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The starting question for public policy analysis in the retirement security area ought to be this: “Is retirement security possible?” My text is drawn from the classic trust case Harvard College v. Amory, decided in 1830, in which the Massachusetts Supreme Judicial Court announced the prudent investor rule by stating, “Do what you will, the capital is at hazard.” The modern understanding of that text is not that there are no “risk free” assets. After all, the United States government assures the timely payment of principal and interest on Treasury securities backstopped in turn by Treasury’s unlimited call on the money-creation capacities of the Federal Reserve. Rather, we understand that even if principal and interest are paid as promised, that still leaves inflation-related risk to the purchasing power of trust assets. In that sense, “the capital is at hazard.”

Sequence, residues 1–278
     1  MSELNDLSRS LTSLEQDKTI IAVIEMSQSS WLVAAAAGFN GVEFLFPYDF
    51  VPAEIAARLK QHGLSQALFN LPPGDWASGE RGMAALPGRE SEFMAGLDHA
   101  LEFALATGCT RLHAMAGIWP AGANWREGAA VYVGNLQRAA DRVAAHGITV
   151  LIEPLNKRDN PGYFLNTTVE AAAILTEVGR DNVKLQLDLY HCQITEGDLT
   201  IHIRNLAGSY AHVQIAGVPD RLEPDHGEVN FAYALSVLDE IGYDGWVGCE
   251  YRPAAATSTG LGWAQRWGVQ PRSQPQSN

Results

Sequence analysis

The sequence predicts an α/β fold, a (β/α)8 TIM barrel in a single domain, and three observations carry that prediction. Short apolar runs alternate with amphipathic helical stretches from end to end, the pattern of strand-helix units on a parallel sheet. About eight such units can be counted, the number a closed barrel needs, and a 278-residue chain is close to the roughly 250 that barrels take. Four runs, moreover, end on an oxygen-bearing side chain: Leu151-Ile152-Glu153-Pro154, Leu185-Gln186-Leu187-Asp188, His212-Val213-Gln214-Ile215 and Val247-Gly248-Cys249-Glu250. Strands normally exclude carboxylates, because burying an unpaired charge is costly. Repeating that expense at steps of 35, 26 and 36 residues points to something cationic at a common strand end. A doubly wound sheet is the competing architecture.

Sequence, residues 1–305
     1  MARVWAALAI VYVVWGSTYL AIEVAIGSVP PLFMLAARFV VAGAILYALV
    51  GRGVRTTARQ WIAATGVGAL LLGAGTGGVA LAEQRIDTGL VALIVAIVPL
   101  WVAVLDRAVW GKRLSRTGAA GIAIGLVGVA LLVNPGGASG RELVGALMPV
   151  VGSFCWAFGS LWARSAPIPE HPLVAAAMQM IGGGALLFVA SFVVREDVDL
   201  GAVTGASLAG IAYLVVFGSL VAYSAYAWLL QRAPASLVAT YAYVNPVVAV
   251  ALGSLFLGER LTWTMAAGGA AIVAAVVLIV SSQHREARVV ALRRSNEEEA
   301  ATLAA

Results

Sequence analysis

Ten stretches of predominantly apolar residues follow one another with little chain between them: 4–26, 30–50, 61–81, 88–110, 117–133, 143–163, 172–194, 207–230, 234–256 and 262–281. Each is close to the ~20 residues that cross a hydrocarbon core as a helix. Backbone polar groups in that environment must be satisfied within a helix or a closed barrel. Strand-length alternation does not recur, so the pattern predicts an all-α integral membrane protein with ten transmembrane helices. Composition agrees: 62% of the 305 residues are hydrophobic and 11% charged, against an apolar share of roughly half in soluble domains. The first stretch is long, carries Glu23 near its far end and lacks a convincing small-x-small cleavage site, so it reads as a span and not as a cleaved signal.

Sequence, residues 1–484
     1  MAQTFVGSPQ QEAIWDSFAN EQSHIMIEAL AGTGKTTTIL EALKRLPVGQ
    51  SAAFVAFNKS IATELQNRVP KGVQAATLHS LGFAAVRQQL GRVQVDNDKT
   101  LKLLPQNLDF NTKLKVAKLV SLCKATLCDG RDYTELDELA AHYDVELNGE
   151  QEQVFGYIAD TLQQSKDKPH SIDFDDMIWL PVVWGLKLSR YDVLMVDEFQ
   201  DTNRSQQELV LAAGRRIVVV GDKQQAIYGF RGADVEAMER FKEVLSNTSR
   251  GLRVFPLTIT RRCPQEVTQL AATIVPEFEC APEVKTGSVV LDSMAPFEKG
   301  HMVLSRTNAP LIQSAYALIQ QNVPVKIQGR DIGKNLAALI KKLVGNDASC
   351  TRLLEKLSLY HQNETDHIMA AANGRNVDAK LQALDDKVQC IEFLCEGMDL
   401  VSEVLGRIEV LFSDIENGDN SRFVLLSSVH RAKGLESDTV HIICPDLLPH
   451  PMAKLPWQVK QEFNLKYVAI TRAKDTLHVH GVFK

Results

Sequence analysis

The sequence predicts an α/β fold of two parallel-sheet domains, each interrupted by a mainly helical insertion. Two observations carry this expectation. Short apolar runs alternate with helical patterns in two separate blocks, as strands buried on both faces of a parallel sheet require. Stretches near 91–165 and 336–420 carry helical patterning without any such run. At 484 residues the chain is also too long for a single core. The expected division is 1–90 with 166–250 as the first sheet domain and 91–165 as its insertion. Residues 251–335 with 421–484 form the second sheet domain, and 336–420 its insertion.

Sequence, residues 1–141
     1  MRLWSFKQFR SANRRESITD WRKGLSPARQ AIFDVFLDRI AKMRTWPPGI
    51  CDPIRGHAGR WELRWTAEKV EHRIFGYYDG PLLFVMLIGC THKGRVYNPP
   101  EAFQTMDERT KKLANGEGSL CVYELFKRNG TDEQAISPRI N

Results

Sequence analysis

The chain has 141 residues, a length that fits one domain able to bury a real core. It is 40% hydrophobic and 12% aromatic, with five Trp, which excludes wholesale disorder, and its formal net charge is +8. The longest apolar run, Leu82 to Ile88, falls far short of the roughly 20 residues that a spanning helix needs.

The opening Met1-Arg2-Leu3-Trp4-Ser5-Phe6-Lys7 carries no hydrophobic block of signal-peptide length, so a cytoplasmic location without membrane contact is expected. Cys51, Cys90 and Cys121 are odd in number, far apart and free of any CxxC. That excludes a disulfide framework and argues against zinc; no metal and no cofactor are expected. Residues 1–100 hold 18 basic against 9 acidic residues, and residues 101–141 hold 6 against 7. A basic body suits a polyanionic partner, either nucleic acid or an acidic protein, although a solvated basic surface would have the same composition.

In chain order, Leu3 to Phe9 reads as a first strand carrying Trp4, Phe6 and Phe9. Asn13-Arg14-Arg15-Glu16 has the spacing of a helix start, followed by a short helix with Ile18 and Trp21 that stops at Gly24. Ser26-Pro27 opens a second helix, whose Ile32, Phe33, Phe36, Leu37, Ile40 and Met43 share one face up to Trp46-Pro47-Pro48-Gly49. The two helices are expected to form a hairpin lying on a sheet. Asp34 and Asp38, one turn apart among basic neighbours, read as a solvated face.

Labor and Employment Law | Law